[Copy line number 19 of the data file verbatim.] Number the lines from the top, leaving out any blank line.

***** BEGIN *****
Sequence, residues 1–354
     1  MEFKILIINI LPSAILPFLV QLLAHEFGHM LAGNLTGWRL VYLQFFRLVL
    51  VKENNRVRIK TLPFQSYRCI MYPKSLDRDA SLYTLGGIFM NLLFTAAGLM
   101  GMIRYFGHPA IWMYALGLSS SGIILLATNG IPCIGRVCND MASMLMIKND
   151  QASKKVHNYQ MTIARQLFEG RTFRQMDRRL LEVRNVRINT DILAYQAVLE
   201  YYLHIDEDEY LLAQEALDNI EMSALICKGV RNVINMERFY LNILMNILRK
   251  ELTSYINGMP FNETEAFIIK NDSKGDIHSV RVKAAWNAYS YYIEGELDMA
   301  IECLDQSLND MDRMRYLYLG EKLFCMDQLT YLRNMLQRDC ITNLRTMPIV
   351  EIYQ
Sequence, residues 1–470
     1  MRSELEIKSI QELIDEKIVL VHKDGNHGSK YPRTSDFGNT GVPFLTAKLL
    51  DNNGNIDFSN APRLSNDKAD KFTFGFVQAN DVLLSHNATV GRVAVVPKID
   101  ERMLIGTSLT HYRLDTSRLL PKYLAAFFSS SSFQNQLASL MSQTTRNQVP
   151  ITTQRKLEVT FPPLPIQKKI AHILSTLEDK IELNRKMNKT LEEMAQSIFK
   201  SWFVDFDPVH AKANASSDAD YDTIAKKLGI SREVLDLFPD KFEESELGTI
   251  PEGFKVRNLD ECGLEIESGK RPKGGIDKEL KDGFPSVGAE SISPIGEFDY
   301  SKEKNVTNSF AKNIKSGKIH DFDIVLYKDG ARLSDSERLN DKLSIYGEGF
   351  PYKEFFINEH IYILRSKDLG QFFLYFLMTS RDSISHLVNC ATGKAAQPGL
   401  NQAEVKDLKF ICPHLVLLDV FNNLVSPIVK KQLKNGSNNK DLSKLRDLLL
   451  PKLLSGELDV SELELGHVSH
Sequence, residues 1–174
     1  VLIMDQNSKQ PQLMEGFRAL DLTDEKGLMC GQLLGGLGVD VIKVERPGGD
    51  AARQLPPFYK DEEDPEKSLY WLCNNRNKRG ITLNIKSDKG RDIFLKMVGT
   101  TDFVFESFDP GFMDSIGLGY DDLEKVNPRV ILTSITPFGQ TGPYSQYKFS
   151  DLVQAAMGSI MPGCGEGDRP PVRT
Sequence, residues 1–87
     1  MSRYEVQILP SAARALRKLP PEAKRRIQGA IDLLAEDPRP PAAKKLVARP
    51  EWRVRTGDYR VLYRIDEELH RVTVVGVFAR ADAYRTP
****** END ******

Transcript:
   401  NQAEVKDLKF ICPHLVLLDV FNNLVSPIVK KQLKNGSNNK DLSKLRDLLL